2. Early echoes must arrive at the listener with appropriate time, amplitude and frequency response to give the perception of the size of the spaces (as well as the acoustic nature of the room surfaces).
  3. The late reverberation must be natural and correctly distributed in 3-D around the listener.

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Figure 1. Early reflections in a room.

The relative amplitude of the direct sound compared to the remainder of the room response helps to provide the sensation of distance.

The DSP structure used to achieve this function is described below. Each input to the DSP represents one sound source in the virtual soundfield. The input is passed through a delay-line, and the direct sound and each early reflection is tapped out with the appropriate delay (based on the path length of the direct path or 1st order echo).

Then, each of these sound path signals is attenuated and filtered to simulate the correct characteristic of the echo arrival. The factors that are included in this gain/filter stage are (a) overall attenuation due to the distance traversed by the echo path, (b) attenuation due to the directivity pattern of the source, and (c) frequency dependant attenuation due to the acoustic properties of all the surface materials encountered by the echo path.

Each of these sound arrivals (direct sound plus six 1st order reflections) is mixed to form the X,Y,Z,W soundfield signals. The gain values used in this mixing are computed from the direction of arrival of each sound image at the listener position.

Finally, an additional tap from the delay line is used to feed the sound input into an array of FIR filters that render the later room reflections (from 2nd order, right through to the end of the reverberant tail). This filter has an impulse response of several seconds in length.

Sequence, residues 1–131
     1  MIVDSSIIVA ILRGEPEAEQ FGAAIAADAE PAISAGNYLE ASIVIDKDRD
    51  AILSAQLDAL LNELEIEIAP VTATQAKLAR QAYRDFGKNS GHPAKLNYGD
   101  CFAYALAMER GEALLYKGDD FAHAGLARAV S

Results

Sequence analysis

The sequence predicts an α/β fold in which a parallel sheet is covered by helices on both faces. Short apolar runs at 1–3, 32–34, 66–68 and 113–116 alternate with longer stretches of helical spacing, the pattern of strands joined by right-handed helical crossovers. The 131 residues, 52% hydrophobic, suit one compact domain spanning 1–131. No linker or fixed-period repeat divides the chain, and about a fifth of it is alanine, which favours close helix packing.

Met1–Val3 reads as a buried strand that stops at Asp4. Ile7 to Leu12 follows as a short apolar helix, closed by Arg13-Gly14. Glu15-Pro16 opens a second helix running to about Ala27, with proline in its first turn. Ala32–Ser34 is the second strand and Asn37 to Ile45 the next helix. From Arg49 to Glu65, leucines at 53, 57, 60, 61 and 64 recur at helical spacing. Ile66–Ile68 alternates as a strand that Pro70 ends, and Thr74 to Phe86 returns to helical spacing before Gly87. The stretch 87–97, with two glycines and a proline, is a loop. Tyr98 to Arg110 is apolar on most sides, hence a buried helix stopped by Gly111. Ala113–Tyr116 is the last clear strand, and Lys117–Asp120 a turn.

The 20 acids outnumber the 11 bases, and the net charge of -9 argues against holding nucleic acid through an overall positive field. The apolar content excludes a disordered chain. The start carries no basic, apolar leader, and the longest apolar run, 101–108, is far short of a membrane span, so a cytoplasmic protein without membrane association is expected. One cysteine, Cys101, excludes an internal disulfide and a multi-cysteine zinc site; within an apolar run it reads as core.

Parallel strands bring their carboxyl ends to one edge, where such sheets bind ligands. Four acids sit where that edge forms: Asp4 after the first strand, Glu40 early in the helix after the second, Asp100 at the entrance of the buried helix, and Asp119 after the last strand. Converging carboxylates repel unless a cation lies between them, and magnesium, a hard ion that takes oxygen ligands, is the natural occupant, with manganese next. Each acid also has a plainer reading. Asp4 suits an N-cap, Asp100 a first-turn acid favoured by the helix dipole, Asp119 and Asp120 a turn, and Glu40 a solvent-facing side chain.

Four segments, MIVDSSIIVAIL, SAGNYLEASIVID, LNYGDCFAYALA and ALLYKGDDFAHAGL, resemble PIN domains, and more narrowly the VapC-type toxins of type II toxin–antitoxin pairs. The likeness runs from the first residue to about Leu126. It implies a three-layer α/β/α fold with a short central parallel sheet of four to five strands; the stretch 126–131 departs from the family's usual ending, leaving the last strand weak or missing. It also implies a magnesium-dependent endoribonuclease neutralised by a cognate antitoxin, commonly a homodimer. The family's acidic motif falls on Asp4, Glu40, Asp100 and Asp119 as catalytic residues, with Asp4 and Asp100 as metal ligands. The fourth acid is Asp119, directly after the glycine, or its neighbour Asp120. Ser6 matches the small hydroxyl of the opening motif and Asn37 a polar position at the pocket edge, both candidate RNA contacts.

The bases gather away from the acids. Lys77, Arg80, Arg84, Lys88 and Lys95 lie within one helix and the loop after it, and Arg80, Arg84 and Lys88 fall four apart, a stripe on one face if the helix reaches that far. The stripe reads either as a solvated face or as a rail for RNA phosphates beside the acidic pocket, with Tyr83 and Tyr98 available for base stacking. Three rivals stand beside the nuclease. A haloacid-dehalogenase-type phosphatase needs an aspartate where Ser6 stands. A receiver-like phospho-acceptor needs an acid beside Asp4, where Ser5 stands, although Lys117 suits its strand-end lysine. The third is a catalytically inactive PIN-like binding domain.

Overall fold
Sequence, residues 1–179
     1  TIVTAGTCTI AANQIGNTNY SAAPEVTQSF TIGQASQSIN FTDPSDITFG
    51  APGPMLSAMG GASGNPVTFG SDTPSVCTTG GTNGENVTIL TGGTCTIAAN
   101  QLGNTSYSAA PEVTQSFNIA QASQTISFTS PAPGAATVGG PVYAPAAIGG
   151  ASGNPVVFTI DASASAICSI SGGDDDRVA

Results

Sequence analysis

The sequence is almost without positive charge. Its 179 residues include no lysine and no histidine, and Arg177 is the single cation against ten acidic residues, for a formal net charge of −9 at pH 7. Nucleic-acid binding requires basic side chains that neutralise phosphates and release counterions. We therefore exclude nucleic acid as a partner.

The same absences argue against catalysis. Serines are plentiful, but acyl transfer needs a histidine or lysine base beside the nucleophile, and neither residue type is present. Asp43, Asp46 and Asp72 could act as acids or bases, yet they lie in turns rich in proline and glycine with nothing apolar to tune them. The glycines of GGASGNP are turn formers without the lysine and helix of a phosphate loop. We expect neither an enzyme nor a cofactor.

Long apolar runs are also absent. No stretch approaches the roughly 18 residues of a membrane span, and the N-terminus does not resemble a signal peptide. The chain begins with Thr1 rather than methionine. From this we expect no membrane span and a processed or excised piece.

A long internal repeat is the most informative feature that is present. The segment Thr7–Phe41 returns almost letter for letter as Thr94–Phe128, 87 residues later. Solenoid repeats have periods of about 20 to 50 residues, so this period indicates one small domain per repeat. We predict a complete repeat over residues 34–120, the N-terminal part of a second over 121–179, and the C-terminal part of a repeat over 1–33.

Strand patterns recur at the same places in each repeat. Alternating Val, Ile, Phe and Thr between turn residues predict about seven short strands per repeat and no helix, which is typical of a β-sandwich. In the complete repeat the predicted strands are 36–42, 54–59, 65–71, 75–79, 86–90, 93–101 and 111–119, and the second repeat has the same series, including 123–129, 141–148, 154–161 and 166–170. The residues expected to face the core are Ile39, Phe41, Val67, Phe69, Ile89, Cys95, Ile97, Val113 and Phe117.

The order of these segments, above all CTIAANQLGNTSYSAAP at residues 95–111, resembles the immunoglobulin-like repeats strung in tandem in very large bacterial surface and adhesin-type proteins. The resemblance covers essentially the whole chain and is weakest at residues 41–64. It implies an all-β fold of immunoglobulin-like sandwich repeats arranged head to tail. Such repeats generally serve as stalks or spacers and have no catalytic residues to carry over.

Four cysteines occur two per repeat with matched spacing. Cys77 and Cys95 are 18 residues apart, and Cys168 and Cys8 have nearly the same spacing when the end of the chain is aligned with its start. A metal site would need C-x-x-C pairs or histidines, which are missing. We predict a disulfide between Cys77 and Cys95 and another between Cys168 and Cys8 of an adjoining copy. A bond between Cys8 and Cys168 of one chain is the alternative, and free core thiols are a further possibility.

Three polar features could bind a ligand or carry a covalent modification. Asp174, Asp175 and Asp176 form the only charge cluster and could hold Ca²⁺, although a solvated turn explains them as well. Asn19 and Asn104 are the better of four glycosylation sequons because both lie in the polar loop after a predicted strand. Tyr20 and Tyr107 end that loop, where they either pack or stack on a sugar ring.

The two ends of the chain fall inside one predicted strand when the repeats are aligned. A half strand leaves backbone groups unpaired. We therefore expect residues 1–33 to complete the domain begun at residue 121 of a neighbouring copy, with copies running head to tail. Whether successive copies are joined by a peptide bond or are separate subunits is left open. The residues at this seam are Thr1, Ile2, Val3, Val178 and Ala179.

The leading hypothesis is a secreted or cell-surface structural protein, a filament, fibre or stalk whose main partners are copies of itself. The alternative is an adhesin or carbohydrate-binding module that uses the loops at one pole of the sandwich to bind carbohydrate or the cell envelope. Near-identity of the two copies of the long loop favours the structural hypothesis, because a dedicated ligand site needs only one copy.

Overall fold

Each tap from the delay line uses interpolating filters to achieve sub-sample delay resolution. This, combined with an instantaneous velocity integrator, achieves a smooth Doppler shift as the sound objects (or listener) move within the acoustic space.

The final output of the system is a set of four signals (the B-format). These signals simulate the B-format response that would have been recorded by a Soundfield Microphone when placed in the same listener position within the space, surrounded by the same sources.

Loudspeaker playback of B-format signals

Many references (including [3], [4], [5]) provide good explanations of the way that B-format can be played back over loudspeakers.

Basically, the technique used simply feeds an array of speakers with a mix of the B-format signals. Generally, the speaker array must have some degree of symmetry (in fact the symmetry constraints can be very rigid if the decode is to perform the ‘mathematically ideal’ performance). The array should surround the listener, so that if speakers are placed in front, then some should also be in the rear, and if overhead speakers are used (to give an impression of sound elevation) then some speakers should also be placed below the listener.

At low frequencies (below about 300Hz), the goal of the decoder is to take a B-format input and re-produce the same B-format soundfield at the central listening point. At higher frequencies (above about 700Hz), the mixing of the B-format signals to the speakers is adjusted to compensate for the fact that the listener’s head disrupts the soundfield. This adjustment is made using simple shelf filters that vary the high frequency contribution of the W (omnidirectional) component of the B-format relative to the X, Y and Z components.

At Lake, we have implemented a B-format decoder using DSP techniques. It can drive an almost unlimited number of loudspeakers, and has been tested and demonstrated with an array of twelve.